|Finally, with another clear night and I was
able to image Sirius again. Having easily resolved Rigel which is close
in separation to Sirius, I knew where the dwarf should be in my image.
In addition, using the differences in magnitudes between the Rigel
components and the Sirius components I calculated that my exposure
should be between 0.1 and 0.3 seconds at ISO 1600. Much shorter than
the 8 seconds used in my previous attempts. The longer exposure caused
Sirius A to over expose and saturate the area where Sirius B should be.
The image below is a combination of a stack of eight second
exposures, to show some field stars and the stack of 0.1 second
exposures, to show Sirius B. The two images were LMS combined using a
mask to blend the two together. Sirius B is just visible at about six
o'clock very close to Sirius A. For more on the story of the hunt for
this challenge object, check out my blog pages here and here.
|Zooming in on Sirius,
the crop below clearly shows the dwarf. The axis insert was
produced by pressing the north, south, east and west buttons on the
mount hand control to move Sirius A while exposing a frame. The image
scale is 0.315 arc-seconds per pixel in the file as captured, but is
likely resized by browser display. The separation between the
components as calculated from the image is 11.3 arcsonds with a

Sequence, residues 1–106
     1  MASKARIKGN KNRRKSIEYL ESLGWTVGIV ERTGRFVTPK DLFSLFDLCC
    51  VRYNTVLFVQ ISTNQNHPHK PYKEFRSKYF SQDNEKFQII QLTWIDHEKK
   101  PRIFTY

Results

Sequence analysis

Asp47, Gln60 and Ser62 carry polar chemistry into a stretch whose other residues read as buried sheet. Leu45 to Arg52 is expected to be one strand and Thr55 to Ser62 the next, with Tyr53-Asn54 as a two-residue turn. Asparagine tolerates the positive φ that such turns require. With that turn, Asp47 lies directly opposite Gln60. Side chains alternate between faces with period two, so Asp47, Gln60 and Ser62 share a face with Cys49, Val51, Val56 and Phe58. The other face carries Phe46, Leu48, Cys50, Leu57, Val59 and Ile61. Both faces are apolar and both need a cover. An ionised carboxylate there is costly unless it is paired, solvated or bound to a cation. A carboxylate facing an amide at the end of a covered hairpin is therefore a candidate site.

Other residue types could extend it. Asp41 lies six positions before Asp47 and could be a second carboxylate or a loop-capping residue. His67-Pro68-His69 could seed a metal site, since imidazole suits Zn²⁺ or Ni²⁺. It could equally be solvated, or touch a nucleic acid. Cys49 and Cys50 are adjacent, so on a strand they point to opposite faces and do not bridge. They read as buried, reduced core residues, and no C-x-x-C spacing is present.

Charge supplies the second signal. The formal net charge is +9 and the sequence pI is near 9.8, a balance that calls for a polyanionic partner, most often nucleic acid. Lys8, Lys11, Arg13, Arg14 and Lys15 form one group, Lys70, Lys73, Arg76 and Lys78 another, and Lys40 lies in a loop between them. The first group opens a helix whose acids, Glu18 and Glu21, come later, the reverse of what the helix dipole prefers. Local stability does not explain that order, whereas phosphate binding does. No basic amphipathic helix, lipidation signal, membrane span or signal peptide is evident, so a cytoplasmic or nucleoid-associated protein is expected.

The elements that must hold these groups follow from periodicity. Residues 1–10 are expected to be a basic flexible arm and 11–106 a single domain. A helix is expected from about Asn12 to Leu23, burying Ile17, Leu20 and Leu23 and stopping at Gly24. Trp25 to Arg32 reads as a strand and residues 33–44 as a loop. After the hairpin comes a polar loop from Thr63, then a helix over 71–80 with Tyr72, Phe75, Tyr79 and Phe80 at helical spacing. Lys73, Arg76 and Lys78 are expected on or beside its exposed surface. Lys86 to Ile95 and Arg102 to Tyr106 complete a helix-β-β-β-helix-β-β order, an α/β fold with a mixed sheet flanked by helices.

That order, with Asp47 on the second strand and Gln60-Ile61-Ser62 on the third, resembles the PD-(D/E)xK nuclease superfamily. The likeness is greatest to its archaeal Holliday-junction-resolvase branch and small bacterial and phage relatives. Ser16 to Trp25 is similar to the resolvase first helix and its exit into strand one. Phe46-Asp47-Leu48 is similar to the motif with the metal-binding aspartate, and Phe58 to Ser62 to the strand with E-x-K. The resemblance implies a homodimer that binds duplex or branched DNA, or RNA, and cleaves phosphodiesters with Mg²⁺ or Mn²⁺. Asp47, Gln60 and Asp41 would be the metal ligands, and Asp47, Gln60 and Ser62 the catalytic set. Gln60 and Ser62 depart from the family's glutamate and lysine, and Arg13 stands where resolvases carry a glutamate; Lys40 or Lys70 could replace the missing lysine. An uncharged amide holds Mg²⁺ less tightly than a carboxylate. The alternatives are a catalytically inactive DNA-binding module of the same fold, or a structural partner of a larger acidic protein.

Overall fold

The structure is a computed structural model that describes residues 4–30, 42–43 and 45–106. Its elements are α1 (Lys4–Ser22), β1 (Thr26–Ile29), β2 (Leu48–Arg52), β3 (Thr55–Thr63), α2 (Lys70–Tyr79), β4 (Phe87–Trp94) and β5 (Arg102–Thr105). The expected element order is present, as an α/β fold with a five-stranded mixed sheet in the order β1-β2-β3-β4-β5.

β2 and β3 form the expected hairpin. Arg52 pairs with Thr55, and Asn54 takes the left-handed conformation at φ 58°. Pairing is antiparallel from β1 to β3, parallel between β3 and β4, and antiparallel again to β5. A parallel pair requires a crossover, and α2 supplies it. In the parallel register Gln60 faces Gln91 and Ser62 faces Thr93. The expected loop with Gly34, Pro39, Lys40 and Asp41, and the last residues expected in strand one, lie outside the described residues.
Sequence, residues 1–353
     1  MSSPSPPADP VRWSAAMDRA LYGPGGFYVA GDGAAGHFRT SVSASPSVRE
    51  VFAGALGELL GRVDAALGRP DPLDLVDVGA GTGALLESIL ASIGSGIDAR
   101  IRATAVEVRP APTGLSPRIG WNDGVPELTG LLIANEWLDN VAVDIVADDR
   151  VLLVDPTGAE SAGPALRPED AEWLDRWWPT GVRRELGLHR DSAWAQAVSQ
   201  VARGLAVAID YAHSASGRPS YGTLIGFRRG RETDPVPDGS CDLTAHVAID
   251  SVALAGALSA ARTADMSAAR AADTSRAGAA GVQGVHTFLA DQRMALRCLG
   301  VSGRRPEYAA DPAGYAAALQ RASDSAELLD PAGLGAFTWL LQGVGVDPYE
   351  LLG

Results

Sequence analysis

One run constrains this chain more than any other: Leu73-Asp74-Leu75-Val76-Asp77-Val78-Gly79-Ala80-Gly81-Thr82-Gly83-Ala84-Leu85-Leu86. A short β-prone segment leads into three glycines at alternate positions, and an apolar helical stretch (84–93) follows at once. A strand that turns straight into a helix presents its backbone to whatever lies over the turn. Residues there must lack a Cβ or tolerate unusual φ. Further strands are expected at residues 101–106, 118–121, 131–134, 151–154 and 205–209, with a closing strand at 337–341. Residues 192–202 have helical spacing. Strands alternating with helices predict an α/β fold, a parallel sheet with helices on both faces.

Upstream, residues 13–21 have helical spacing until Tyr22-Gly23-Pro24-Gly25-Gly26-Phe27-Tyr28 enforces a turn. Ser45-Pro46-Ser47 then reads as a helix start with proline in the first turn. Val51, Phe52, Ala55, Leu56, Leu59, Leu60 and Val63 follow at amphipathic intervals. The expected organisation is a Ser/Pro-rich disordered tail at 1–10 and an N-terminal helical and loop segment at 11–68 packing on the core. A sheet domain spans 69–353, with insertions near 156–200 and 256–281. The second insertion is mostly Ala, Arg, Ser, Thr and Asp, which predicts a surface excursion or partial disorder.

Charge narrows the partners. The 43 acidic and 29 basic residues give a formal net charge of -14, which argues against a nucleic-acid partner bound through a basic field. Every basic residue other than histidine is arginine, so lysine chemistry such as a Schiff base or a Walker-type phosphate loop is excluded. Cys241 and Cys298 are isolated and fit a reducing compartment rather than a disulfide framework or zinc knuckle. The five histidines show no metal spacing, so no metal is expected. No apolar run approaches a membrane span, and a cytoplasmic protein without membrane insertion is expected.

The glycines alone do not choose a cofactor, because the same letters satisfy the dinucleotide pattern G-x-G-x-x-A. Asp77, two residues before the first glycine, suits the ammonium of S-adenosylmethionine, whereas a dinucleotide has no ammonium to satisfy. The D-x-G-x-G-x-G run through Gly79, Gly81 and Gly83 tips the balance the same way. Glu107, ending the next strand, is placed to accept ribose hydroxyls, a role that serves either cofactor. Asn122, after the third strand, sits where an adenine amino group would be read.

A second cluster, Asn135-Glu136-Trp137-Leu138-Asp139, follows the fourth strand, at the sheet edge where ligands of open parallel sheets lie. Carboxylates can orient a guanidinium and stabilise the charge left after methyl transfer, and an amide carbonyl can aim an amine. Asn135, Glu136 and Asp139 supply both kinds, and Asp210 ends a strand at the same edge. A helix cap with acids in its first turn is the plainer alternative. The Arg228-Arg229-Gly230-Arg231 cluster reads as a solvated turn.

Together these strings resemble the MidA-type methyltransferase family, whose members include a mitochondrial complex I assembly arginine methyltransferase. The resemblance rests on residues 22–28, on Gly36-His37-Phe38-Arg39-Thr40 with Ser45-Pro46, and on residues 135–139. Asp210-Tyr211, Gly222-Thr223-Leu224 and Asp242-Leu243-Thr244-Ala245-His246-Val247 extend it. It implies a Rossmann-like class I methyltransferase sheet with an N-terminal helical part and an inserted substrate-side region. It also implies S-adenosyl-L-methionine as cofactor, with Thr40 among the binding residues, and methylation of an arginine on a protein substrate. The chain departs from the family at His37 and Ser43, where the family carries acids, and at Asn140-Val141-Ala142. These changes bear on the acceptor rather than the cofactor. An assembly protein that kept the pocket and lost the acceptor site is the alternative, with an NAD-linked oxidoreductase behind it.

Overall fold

position angle (PA) of 72 degrees which is in good agreement with the
RASC Observer's Handbook at 10.94 arc-seconds with a PA of 72 degrees.
This is an error of one pixel at the image scale!|
||Sirius A & B Object RA
||Composite of 336 seconds (42 X 8 seconds) and 12.2 seconds (122 X 0.1 seconds)
||100 for the 8 seconds subs and 1600 for the 0.1 second subs
||Canon 60Da DSLR
||SkyWatcher f/7 Esprit 120 with a focal length of
840 mm and a Celestron 2.5 times barlow. Given the projection distance
the barlow increases the focal length by 4.1315 times to 3470.5 mm at
||Bedford, Nova Scotia
||This image was processed entirely in Images Plus.
No calibration frames were used,
min and max excluded average used to stack the sub-frames. ArcsinH
stretch was used and the stretch was varied until the dwarf showed.
Sharpening using RL deconvolution applied then further contrast
enhancement using micro-curves. Vertical lines reduced in the 8 second
stack and LMS combine used to composite the two images so some field
stars could be seen. Final sharpening done with the sharpening and
texture enhancement tool.